The first description is of a famous cathedral I visited in Spain. As I walked into the cathedral, I had to pass numerous beggars on the stairs. I couldn’t help but notice the contrast between their tattered clothes and the lavish and expensive decorations all around. At the expense of being cliche, “What would Jesus do?” Where would He have spent His time and resources if He were there?
The second description is of a humble church I had the privilege of working with on my first trip to Haiti. During that church service, I had no idea what anyone was saying, but I saw faith and hope in the face of adversity. I saw tears of pain and joy as they humbly cried out to the Lord. I saw unmatched gratitude for every bite of food and the Lord’s new mercies every morning. The people in this community had almost nothing in terms of physical possessions, but they had Jesus.
I realized that all the things I had weren’t making my life easier—they were making it harder to focus on Jesus. They were distracting me and cluttering up my life. We have to be able to put things in their proper place.
In Matthew 19:24 (ESV), when Jesus said, “Again I tell you, it is easier for a camel to go through the eye of a needle than for a rich person to enter the kingdom of God,” He wasn’t saying that you shouldn’t have anything. He was saying that the more you have, the harder it is to see clearly. The harder it is to depend on Jesus and not yourself or your things, because you and your things will let you down every time.
Don’t love the world’s ways. Don’t love the world’s goods. Love of the world squeezes out love for the Father. Practically everything that goes on in the world—wanting your own way, wanting everything for yourself, wanting to appear important—has nothing to do with the Father. It just isolates you from him. The world and all its wanting, wanting, wanting is on the way out—but whoever does what God wants is set for eternity. - 1 John 2:15-17 (MSG)
In 2018, financial firm TD Ameritrade released data stating that 29% of divorced Baby Boomers and 41% of divorced GenX-ers said the main cause of their divorce was disagreements over money. A recent study also found that arguing over money was the No. 1 predictor of divorce.
A 2019 article in Business Insider listed the top 12 reasons couples fight over money. These included things such as mismatched priorities, debt, financial infidelity (secret spending or saving), living beyond their means, impulse buying, and even spending too much on the wedding!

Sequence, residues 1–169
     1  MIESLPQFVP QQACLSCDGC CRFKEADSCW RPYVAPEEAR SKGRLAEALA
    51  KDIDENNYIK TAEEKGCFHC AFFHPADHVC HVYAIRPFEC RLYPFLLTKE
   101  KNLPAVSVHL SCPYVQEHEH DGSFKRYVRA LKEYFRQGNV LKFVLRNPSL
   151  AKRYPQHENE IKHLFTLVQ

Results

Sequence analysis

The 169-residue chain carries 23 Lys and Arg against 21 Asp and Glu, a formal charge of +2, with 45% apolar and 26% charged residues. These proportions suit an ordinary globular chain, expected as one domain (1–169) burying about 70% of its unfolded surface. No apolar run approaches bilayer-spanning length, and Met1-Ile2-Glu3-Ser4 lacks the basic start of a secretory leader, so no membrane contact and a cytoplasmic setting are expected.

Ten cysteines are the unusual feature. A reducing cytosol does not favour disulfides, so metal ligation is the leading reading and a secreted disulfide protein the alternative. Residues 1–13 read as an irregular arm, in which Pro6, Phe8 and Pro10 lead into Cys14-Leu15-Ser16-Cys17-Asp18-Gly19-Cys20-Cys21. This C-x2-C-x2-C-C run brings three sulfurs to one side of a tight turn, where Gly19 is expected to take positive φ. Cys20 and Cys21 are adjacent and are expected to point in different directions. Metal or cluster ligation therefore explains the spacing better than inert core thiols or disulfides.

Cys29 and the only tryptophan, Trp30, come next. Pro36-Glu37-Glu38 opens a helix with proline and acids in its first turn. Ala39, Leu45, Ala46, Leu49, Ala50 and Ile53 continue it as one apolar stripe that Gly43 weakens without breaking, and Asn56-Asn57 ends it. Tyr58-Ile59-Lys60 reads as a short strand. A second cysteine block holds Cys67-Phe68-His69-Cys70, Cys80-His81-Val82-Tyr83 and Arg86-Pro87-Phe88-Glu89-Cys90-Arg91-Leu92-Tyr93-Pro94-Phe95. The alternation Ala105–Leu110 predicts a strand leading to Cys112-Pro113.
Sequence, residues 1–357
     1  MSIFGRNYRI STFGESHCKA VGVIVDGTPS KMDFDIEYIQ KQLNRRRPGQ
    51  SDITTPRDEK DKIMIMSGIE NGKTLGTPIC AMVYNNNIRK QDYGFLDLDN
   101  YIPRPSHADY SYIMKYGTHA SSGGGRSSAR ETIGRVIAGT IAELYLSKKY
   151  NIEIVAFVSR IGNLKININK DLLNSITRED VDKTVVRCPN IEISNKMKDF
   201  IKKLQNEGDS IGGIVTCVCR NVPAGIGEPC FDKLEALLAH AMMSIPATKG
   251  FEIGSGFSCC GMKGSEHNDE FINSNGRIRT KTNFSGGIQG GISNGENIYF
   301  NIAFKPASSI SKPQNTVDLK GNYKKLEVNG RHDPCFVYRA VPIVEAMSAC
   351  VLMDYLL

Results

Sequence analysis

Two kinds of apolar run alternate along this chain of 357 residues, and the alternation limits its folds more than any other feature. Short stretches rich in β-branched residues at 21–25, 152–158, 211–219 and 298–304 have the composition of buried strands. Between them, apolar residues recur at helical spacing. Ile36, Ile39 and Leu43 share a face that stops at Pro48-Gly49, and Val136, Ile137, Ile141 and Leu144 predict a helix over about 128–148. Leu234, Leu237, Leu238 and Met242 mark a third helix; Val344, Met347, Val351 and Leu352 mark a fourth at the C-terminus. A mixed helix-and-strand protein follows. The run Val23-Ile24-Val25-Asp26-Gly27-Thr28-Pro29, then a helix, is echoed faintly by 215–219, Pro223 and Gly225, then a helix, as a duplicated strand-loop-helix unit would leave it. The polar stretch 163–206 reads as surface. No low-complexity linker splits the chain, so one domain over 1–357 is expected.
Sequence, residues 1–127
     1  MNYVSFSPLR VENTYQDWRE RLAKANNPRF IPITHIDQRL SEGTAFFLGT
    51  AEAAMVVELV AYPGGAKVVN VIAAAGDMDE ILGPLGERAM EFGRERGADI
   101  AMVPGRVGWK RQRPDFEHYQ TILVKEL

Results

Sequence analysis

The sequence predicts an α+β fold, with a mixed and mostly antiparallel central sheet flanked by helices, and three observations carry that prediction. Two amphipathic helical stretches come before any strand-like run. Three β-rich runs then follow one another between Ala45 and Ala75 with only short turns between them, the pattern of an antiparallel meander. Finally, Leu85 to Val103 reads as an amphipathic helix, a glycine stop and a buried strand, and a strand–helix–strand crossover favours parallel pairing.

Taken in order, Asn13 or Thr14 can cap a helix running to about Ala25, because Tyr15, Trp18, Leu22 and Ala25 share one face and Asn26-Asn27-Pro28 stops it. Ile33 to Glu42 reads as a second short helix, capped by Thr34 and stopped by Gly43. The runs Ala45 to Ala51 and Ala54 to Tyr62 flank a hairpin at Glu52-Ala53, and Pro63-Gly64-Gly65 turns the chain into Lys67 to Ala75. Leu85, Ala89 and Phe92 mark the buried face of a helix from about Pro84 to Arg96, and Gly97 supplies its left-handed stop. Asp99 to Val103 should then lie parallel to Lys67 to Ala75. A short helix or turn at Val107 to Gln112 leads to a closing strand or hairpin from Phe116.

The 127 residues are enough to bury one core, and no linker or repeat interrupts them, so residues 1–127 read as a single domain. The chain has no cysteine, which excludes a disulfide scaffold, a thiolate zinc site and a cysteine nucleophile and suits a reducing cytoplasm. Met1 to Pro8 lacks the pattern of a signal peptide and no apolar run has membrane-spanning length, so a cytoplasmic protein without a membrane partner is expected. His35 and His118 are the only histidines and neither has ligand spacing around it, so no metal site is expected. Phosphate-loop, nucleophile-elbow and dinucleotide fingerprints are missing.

God has given us principles that cover all of those topics, and they are applicable to married and single people alike. God speaks against debt, deceit, and our priorities over and over again in His Word because He knows those things can lead us astray, and because they have the potential to destroy our relationships. The problem isn’t just the money itself. The problem is when it takes over our hearts.
Jesus tells us in Matthew 6:21 (NIV), For where your treasure is, there your heart will be also. He knows our hearts can’t have two masters. And you may have noticed—money is a terrible master. When we put things like money and material possessions in the wrong place, we can forget that this world is not our home, that the things of this world are not what we are working for, that God’s plan for us isn't only about us, and that God’s heart for His creation is our real goal.
When we misalign these priorities, we start to think that our success, achievements, and possessions define us. They don’t. And even if you think they do now, no one is loading up your stuff in a moving truck to follow the hearse at your funeral.
God’s heart for you is…. God’s heart. He loves you and knows that true contentment and peace can only be found by following His heart. Our hearts, feelings, and desires will lie to us and lead us down the wrong path that only leads to more discontentment.
And what do you benefit if you gain the whole world but lose your own soul? - Mark 8:36 (NLT)
Do we live like we believe the words of Jesus?
“He is no fool who gives what he cannot keep to gain that which he cannot lose.” This quote is from the journal of Jim Elliott, famed missionary who died at the hands of those he was trying to reach in Ecuador in 1956. Elliott and the other missionaries who died alongside him lived as if they actually believed the words of Jesus in Mark 8:36.
In Matthew 6:19-21 (NLT), Jesus gives us some perspective when He says, “Don’t store up treasures here on earth, where moths eat them and rust destroys them, and where thieves break in and steal. Store your treasures in heaven, where moths and rust cannot destroy, and thieves do not break in and steal. Wherever your treasure is, there the desires of your heart will also be.” Elliott and those with him had placed their treasures and their hearts in Heaven.
Towards the end of my great-aunt’s life, she was experiencing dementia, and after she died, we found all kinds of interesting notes. My favorite was in an old metal Sucrets box filled with paper clips. Let’s just say she was issuing a warning to any who dared to take one of her paper clips. Are there things in your life that you are treating with this kind of disproportionate concern?
Do you focus on how your kids look and what kind of clothes they wear, or do you focus on if they are learning to look like Jesus? Do you worry about driving the latest and greatest vehicle, or do you let the Holy Spirit drive your priorities?
There is nothing wrong with having nice clothes or a nice car, but make sure it is not at the expense of your heart. Not only can these things be taken away at any moment, you can’t take them with you! All the nice things in the world will get you exactly nowhere in the end if you don’t have a heart that seeks the Lord above all else.